GEOL 102 Historical Geology

Spring Semester 2011
The Late Paleozoic Era I: Carboniferous Geology

Phanerozoic Eon: 542 - 0 Ma

In traditional non-North American geology the (North American) Mississipian and Pennsylvanian Periods were not recognized; the Mississippian Period is thus the same as the traditional European Early Carboniferous Epoch and the Pennsylvanian Period is equivalent to the traditional European Late Carboniferous Epoch. In the latest international time scale, a compromise was reached, and the Mississippian and Pennsylvanian are "sub-periods" of the Carboniferous (each has three Epochs).

Paleogeography and Geology of the Mississippian:
Tabulate-stromatoporoid reefs disappear; related to switch from calcite seas to aragonite seas:

During Mississippian, no reef complexes of significance.

Huge carbonate banks in most shallow seas: crinoid meadows produce limestones whose main clasts are crinoid columnal elements.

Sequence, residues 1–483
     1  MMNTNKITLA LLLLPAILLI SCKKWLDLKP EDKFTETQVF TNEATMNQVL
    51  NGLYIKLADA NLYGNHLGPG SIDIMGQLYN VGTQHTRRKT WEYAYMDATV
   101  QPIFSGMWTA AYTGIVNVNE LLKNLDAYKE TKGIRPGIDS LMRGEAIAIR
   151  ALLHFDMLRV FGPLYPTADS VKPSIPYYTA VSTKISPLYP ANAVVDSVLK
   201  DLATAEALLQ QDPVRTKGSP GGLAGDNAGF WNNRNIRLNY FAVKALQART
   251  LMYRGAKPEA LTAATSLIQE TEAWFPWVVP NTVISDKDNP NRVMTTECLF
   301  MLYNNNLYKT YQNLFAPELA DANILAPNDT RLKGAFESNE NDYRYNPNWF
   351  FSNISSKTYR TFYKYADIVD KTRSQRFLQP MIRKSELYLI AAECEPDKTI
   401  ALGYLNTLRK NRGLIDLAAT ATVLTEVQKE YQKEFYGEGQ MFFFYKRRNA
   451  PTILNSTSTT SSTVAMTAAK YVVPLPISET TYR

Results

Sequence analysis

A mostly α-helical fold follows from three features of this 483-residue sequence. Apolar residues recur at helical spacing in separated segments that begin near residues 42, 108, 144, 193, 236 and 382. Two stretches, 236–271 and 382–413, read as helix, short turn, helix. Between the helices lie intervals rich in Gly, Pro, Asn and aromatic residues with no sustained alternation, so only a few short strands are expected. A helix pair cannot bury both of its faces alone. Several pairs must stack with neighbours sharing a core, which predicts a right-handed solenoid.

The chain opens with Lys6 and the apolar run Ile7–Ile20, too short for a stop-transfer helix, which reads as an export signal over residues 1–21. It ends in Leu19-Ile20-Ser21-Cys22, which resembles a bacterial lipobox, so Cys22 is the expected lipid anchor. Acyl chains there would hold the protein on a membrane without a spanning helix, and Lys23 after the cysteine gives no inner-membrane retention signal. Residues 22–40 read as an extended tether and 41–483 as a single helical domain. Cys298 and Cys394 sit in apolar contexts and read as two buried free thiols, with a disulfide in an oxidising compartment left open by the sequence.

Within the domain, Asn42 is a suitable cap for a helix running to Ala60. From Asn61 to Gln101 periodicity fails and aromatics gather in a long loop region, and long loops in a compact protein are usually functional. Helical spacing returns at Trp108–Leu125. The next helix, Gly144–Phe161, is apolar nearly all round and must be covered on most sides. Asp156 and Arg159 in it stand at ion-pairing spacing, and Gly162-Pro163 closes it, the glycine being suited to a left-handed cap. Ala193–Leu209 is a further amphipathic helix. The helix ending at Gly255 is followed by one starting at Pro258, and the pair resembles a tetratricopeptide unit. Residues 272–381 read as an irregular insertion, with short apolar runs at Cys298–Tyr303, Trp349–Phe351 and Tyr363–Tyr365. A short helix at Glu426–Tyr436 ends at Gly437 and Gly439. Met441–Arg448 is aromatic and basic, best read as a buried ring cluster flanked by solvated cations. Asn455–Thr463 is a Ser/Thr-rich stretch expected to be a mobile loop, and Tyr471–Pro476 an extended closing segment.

Continued decline of CO2 -- sucked up into soils, and eventually coals -- lowers greenhouse effect, start of new series of Gondwanan glaciations. Non-reduced oxygen accumulates in the atmosphere.

During Late Mississippian, the Variscan Orogeny:

End of Mississippian: major regression, associated with mass extinction of some groups of stalked echinoderms and ammonoids.

Paleogeography and Geology of the Pennsylvanian:
Continued decline of CO2 (to just about modern levels!). O2 levels reach their maximum in Earth history (around or above 30%). Since N2 levels (which represent the majority of the atmosphere) would have likely remained constant, total atmospheric density reaches its highest in the age of blue skies (i.e., since the reducing atmosphere was oxidized).

As a consequence of this, forest fires become EXTREMELY easy to trigger. Also, higher O2 levels may have been the reason that very large terrestrial arthropods could live in the Carboniferous.

Continued glaciation in Gondwana: southern continents remain largely emergent.

Continued Collision of Gondwana and Euramerica:

Alleghanian Orogeny produced the direct "ancestor" of the modern Appalachians: the current mountains are the erosional remnants of the fold-and-thrust belt of the Alleghanian Appalachians.

Unusual cratonic deformation in southwestern Laurentia:


Formation of cyclothems

Some minor reefs formed by sponges, bryozoans, and algae.

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Last modified: 14 January 2011